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Mourning Dove and Chick

Copyright Barbara Samuelson 1996

This Mourning Dove nested in a planter box where I live. She initally laid two small eggs and had both successfully hatch. Only one chick survived. She and her mate were most diligent diligent parents, enduring everyone at the place taking pictures of them and there chick, sitting through a downpour of rain several nights. There are several mating pairs that return each year to nest in the planter boxes around the complex.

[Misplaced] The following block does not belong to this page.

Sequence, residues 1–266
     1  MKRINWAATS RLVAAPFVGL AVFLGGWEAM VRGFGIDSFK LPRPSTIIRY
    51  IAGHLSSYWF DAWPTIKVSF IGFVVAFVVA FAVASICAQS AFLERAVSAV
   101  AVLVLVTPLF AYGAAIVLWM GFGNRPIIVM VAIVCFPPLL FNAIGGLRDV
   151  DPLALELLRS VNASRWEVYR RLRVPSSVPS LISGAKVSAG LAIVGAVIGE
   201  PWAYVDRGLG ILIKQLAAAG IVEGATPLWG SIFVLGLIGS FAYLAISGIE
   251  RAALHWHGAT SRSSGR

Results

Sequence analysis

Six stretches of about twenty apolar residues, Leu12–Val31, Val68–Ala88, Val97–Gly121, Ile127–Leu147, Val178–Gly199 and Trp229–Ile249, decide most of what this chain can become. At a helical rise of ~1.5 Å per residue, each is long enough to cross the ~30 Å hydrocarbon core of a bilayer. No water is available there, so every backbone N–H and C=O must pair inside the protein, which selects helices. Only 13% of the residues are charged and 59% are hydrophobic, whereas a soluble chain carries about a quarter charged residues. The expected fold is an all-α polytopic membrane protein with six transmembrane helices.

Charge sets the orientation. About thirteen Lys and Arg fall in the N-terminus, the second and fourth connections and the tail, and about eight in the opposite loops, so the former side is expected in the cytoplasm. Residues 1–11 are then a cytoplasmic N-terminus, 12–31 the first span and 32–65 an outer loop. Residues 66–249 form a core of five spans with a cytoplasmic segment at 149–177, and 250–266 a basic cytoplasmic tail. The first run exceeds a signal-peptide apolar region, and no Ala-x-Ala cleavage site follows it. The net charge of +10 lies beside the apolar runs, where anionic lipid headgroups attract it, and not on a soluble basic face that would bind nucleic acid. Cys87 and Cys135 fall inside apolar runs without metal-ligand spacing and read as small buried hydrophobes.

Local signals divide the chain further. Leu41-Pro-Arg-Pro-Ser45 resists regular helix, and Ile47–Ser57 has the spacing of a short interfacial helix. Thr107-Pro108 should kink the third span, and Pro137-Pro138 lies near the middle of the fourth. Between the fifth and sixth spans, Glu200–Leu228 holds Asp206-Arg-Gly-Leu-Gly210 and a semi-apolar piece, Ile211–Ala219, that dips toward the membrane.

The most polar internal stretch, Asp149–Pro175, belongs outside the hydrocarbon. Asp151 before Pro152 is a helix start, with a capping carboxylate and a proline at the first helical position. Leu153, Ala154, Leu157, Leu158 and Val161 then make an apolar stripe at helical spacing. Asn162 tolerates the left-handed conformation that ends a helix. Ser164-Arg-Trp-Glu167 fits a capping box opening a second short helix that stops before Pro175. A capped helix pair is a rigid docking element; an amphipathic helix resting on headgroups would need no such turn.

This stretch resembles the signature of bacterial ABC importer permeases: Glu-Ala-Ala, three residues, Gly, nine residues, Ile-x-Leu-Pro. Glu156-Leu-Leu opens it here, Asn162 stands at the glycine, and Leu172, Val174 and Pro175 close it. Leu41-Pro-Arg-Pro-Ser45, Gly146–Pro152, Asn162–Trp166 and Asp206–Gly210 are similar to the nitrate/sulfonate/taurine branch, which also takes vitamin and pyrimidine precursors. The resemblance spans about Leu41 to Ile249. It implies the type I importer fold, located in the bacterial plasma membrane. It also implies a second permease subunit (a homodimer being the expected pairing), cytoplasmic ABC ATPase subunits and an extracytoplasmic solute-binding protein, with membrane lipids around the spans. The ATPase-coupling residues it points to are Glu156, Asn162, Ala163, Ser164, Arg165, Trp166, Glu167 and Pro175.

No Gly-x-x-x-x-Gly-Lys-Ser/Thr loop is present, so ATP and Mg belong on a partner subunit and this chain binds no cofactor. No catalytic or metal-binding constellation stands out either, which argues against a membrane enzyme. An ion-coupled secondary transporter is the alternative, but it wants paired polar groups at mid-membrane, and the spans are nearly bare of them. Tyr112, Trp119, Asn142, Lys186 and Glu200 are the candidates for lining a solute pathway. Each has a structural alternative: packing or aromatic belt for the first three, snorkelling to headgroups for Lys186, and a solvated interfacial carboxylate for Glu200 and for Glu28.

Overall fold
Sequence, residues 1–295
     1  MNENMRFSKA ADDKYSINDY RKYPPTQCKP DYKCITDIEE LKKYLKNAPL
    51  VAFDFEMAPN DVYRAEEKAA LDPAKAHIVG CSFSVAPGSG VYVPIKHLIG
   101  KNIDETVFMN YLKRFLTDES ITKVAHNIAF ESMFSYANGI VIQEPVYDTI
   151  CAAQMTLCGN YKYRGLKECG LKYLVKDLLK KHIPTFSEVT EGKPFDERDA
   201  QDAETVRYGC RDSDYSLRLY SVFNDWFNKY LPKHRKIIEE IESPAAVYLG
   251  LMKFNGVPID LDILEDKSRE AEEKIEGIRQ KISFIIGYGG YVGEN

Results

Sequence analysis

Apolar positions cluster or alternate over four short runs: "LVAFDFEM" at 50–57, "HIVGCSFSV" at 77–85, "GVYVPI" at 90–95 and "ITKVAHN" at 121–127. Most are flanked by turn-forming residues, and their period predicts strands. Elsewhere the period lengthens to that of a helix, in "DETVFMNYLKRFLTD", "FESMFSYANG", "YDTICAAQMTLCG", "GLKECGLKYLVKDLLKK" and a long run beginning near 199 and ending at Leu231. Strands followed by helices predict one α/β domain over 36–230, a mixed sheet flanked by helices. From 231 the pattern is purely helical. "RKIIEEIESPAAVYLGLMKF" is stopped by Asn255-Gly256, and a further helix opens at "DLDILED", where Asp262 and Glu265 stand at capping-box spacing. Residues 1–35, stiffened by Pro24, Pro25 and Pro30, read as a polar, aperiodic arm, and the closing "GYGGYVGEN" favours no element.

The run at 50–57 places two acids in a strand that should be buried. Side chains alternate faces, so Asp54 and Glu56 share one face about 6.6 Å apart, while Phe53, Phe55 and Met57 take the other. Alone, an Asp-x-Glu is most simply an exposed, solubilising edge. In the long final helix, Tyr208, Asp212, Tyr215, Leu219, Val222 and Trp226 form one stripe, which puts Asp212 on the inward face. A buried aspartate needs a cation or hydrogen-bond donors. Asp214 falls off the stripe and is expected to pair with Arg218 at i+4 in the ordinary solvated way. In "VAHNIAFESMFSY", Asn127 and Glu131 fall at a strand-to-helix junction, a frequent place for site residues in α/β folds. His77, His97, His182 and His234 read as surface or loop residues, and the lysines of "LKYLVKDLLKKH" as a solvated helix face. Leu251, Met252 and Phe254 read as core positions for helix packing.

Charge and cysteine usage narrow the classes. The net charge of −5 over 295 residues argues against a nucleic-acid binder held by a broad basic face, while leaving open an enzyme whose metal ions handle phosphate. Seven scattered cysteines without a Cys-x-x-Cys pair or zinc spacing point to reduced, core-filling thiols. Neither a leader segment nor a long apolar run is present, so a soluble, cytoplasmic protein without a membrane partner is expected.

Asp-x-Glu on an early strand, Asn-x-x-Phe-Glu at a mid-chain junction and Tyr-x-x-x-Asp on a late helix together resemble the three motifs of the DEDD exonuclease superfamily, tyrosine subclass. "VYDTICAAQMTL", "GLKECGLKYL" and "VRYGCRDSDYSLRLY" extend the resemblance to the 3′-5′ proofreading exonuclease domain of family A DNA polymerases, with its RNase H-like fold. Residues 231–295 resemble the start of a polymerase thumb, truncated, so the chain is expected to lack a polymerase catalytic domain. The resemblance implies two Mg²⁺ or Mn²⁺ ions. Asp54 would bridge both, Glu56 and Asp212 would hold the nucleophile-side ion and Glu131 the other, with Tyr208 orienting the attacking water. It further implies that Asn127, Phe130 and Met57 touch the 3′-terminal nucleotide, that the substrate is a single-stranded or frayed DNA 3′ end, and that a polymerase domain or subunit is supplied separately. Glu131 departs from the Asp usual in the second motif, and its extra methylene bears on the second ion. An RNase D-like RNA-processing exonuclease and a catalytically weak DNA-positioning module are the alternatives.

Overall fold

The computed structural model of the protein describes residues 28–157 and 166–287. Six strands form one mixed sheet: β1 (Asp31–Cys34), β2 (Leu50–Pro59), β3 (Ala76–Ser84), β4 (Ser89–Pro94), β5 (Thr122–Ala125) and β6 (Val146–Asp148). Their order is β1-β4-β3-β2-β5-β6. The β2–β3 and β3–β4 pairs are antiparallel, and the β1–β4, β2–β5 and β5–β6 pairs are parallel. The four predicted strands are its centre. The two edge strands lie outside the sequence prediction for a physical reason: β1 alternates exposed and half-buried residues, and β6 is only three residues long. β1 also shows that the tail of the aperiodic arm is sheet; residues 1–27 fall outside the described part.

The Mourning Dove is hunted extensively in some parts of North America, and it is estimated that more than half of the young birds born each spring do not live beyond their first year. Fortunately, these birds raise two to four broods each season, and so the Mourning Dove is still common. The sad notes of the bird's song are usually heard just before dawn in the spring and summer. The Mourning Dove is 11-13", slim, with a small head and long, tapered tail. It is a soft sandy brown or brownish gray above, with a few black spots; paler below, sometimes washed with pale cinnamon; tail feathers tipped with white. It's voice is a low, sad whoo-oo, hoo, hoo, hoo; the second note rises sharply.

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